[CentOS] security breach - ftp?

Sun May 19 16:49:52 UTC 2013
John Hinton <webmaster at ew3d.com>

On 5/19/2013 11:59 AM, Philipp Duffner wrote:
> Hi,
> I'm running Plesk 11.0.9 on a Centos 5.5.
> A website on that box got hacked last week and malicious code got inserted
> into some html/php files. So I went to find out what happened...
> I found no back doors by using rkhunter or manually searching for
> suspicious files in /tmp, etc. No activity at all in the php logs at the
> time of the attack. I also analysed of course the system logs (messages,
> secure, ...) - nothing that I could see either - except for an entry of an
> successful login to that domain via FTP just before the the modified dates
> of the infected files.
> I found one of the oldest infected files were in the folder of a hopelessly
> outdated version of a WYSIWYG editor and decided to blame that due to
> probability.
> So in order to recover I did in this order...
> * delete httpdocs from the website
> * change the FTP password
> * upgrade and update Plesk from 10.0.4 to 11.0.9
> * upgrade php to php53 via plesk - this also updates mysql and phpmyadmin
> * yum update everything, also made sure I have the latest version of proftp
> * restore the entire website from a clean backup
> * delete the WYSIWYG folder that I believed had caused the vulnerability
> The next days I slept ok hoping I removed the attacker's entry point(s).
> ...so I thought! Today the website got hacked again - the same exploit on
> the pages, meaning same attacker.
> And again I can see nothing suspicious except for the successful FTP logon
> just before the modification time of the infected html/php:
> 2013-05-18T15:01:25.195559-07:00 MyServer proftpd: Deprecated pam_stack
> module called from service "proftpd"
> 2013-05-18T15:01:25.204731-07:00 MyServer proftpd: Deprecated pam_stack
> module called from service "proftpd"
> 2013-05-18T15:01:25.204831-07:00 MyServer proftpd: Deprecated pam_stack
> module called from service "proftpd"
> 2013-05-18T15:01:25.205183-07:00 MyServer proftpd:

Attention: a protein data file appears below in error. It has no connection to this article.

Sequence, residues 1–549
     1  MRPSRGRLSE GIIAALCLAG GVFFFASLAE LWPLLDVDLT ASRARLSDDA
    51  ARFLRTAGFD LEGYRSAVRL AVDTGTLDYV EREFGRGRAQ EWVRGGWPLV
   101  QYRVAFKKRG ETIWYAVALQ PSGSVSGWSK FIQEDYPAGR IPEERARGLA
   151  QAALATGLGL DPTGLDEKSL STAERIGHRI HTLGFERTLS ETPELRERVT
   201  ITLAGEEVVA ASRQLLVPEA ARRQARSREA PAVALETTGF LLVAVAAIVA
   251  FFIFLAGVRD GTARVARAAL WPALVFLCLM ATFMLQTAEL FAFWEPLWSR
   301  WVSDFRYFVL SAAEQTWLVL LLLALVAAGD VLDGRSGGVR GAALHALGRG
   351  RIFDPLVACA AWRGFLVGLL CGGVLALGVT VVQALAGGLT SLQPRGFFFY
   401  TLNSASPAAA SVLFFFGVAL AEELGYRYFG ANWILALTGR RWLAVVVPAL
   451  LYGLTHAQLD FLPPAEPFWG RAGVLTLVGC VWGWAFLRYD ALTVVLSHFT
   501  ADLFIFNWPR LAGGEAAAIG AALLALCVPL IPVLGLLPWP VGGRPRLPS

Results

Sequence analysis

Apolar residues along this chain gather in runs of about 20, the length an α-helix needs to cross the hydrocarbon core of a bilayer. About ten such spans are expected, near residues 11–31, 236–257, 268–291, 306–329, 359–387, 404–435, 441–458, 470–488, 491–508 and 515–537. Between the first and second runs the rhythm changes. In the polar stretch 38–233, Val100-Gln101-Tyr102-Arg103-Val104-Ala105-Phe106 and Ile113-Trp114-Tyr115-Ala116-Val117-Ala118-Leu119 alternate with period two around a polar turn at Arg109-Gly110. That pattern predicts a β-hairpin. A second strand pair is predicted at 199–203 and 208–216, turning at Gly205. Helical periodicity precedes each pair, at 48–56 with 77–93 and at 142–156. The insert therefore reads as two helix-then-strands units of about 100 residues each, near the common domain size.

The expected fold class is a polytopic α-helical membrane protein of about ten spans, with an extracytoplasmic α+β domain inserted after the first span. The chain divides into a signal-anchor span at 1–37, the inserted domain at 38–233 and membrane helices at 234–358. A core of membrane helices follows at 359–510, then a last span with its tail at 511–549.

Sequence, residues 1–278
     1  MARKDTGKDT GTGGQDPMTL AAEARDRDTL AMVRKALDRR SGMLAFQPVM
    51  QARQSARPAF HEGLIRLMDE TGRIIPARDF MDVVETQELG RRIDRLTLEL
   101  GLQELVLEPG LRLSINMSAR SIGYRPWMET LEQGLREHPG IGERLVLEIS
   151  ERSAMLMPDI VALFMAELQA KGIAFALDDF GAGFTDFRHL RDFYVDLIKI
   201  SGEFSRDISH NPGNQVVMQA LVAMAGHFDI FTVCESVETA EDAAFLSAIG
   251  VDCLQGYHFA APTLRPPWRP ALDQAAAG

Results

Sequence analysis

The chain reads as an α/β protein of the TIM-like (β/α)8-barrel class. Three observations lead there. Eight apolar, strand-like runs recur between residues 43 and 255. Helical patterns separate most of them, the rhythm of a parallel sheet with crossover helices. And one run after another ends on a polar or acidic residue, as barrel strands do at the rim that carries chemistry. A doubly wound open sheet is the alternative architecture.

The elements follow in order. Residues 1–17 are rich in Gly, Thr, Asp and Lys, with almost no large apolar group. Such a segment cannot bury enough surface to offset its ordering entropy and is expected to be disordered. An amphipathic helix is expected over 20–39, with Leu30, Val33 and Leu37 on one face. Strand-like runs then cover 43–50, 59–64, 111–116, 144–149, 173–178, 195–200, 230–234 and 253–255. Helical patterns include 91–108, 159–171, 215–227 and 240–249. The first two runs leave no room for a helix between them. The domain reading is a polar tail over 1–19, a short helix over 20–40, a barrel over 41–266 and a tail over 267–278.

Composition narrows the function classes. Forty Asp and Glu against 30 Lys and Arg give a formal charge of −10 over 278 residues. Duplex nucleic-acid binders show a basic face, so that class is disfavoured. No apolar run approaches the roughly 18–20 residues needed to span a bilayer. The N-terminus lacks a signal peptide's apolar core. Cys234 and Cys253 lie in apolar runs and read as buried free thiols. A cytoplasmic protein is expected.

> pam_unix(proftpd:session): session opened for user WEBSITEUSER by (uid=0)
> 2013-05-18T15:01:25.205244-07:00 MyServer proftpd: Deprecated pam_stack
> module called from service "proftpd"
> 2013-05-18T15:01:25.231034-07:00 MyServer proftpd[20243]:
> ([]) - USER WEBSITEUSER: Login successful.
> 2013-05-18T15:04:08.095351-07:00 MyServer proftpd: Deprecated pam_stack
> module called from service "proftpd"
> 2013-05-18T15:04:08.095379-07:00 MyServer proftpd:
> pam_env(proftpd:setcred): Unable to open config file:
> /etc/security/pam_env.conf: No such file or directory
> 2013-05-18T15:04:08.095445-07:00 MyServer proftpd: Deprecated pam_stack
> module called from service "proftpd"
> 2013-05-18T15:04:08.095455-07:00 MyServer proftpd:
> pam_succeed_if(proftpd:session): error retrieving information about user 0
> 2013-05-18T15:04:08.095463-07:00 MyServer proftpd:
> pam_unix(proftpd:session): session closed for user WEBSITEUSER
> I know for a fact it couldn't have been the website owner because I didn't
> give him the new FTP password yet.
> # yum list | grep proftp
> psa-proftpd.i386                         1.3.4a-cos5.build110121114.13
> installed
> proftpd.i386                             1.3.3g-2.el5                  epel
> proftpd-ldap.i386                        1.3.3g-2.el5                  epel
> proftpd-mysql.i386                       1.3.3g-2.el5                  epel
> proftpd-postgresql.i386                  1.3.3g-2.el5                  epel
> I think I really hit a snag with this one - I have no idea where to go
> forward from here.
> I'd appreciate any ideas.
> Thanks.
> Philipp
> _______________________________________________
> CentOS mailing list
> CentOS at centos.org
> http://lists.centos.org/mailman/listinfo/centos
1. Did you create a really strong password?
2. Does the new password you created still function or has it been reset 
by the intruder?
3. Are any files/directories/or the root directory on that website set 
world writable? (many of those CMS systems required this)
4. Is it possible that the system you used to change the password has a 
keystroke recorder/virus on it? (How did the intruder get the new password?)
5. Are there any new unexplained users on the system?
6. Is there more than one place where logins via Plesk might use the old 
password which have not been updated?

Otherwise, I think it might be a good idea to hit the Plesk list as that 
overlay does at times have security issues. It also has many other 
functions not CentOS related adding too many other variables for good 
troubleshooting here, unless you get help from another Plesk/CentOS user. is your intruder from the Ukraine... You might want to 
grep for that through most of your system logs. For instance, could they 
be accessing an email account that used that old pass where maybe new 
passwords are automatically sent? You might consider firewalling out 
that Class C while you do the repairs again.

What is commonly known as the WordPress attacks are hitting just about 
every possible login mechanism available to the public. Are your 
passwords really strong? Do you have in place something to pause 
attempts, such as Fail2Ban, to everything from Webmail to CMS systems to 
FTP, SMTP, IMAP/POP, PHPMyAdmin and I mean everything. We have over 
10,000 longterm bans in place at the moment. Something we have never 
needed before these attacks.